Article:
Water surges over the seawalls of lower Manhattan, businesses are inundated with up to 4 feet of water, and the subway tunnels coursing under the city, as well as out to New Jersey and Brooklyn, are all flooded. Tens of thousands of people are injured, temporarily dislocated or entirely displaced by the storm's impact. Sound like the future? It's not.
That was Hurricane Sandy in 2012, and scientists and meteorologists continue to warn of similar storms that will cause as much if not worse damage than Sandy did due to the impact of global warming. Yet, sadly, our greatest struggle may not be in coping with the aftermath of these storms, but in battling against human nature that prevents us from listening to and acting on these warnings.
When it comes to global warming and climate change, there are plenty of reasoned and advanced warnings that aren’t of the last-minute "sky is falling" variety. Credible sources like the National Oceanic and Atmospheric Administration, a United Nations scientific panel and bipartisan environmental groups have shared undeniable data that Earth continues to get warmer and that the price tag to reverse this trend is getting exponentially larger. Yet despite their reports, we're falling behind in addressing the causes (like carbon emissions) and risking disastrous results (like flooding of major cities or large-scale food shortages) if we don't turn things around soon.
So why aren't we making more progress? It’s often tempting to point to the political influence held by climate change deniers, who don’t believe the research itself that the planet is getting warmer. But they are actually a relatively small minority.
The bigger roadblock is with the majority -- those who believe that temperatures may be rising, but don’t quite believe that will lead to catastrophe. Social psychologists describe an unfortunate phenomenon known as the "normalization of deviance," in which individuals get a false sense of security when an unacceptable practice or event has gone on for too long without a serious problem or disaster.
We have "normalized" the human activities that have led to global warming, and the resulting disaster is referred to as "predictable surprise." For example, we're surprised at the relatively new strength and frequency of damaging weather events such as Hurricane Sandy even though scientists and meteorologists have been predicting this outcome for several years. And unfortunately, as long as we continue to view such disasters as surprises -- outside the normal cause and effect of human action -- we will remain immune to fundamentally changing our preparations.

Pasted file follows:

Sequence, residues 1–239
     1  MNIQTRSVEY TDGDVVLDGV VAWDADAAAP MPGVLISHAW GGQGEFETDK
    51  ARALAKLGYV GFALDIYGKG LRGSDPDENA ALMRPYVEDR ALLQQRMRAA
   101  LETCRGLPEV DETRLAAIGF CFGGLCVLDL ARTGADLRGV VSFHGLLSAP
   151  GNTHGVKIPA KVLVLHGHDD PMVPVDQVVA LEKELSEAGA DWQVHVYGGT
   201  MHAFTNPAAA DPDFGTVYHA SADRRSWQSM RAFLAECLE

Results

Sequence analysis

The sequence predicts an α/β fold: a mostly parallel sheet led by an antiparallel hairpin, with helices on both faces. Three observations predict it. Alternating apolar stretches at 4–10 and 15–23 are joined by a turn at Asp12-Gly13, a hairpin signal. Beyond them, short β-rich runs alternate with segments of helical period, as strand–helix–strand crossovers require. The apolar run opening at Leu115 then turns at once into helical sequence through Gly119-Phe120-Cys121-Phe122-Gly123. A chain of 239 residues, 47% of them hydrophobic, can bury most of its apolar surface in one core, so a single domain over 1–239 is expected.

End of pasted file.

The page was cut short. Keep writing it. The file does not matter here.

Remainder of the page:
As psychologist Albert Bandura noted, "Most everyone is virtuous at the abstract level." The question is how to translate a vague concern, such as one about climate change, into concrete preventive measures. Here, we can take lessons from another area that has long struggled to overcome psychological barriers in correcting mistakes -- the health care industry.
Professor John Banja of Emory University has written extensively on the normalization of deviance in health care delivery, and we should repurpose some of his recommendations if we want to lead the fight against global warming. Banja’s recommendations start with the need for leadership to model the concept of duty over self-interest, while fostering an environment that “eradicates, as much as possible, factors that sustain rule and standards violations.”
Among Banja’s multiple suggestions for how leaders can reduce violations is to realize that oversight and monitoring for rule compliance are never-ending, and that behind every system flaw or practice deviation stands one or more human beings responsible and accountable for it. Banja points to this fact as the need for a prompt and effective response to rule violations and violators.
Translated to global warming in “carrot and stick” fashion, political and business leaders will need to establish rewards for companies and individuals who take action to combat climate change, while also holding accountable those who brazenly and recklessly contribute to environmental harm.
The thing we have to realize with global warming is that, because of our psychological propensity to discount events that look like outliers, we can’t expect society to recognize its real threat until the disasters are big enough or frequent enough that it is too late. Similarly, we can’t expect the majority of individuals to overcome the psychological bias of ignoring warnings on their own. This, more than anything, is the reason we have to count on political and business leaders for dramatic actions.
There are some initiatives underway already to facilitate this partnership, including the Clinton Foundation's Climate Initiative and the nonprofit Ceres organization. But the truth is, averting disaster is often a thankless job. Just as it is human nature to ignore warnings, it is also human nature to take for granted the efforts that keep us safe day to day or decade to decade.
As President John F. Kennedy said, "The time to repair the roof is when the sun is shining." It looks less heroic than fixing a leak when the downpour begins, but it takes true courage and foresight. And, not least of all, it’s a lot more effective.
Dave Yarin is a compliance and risk management consultant to senior management and directors of large and mid-size companies, and author of the soon to be published book "Fair Warning – The Information Within." Dave follows and researches news stories regarding ignored warnings that lead to bad outcomes, along with the social psychology theories that explain why these warnings were ignored. Dave lives near Boston with his wife and two children. Follow Dave on Twitter at @DaveYarin, or subscribe to his FlipBoard magazine, Fair Warning.
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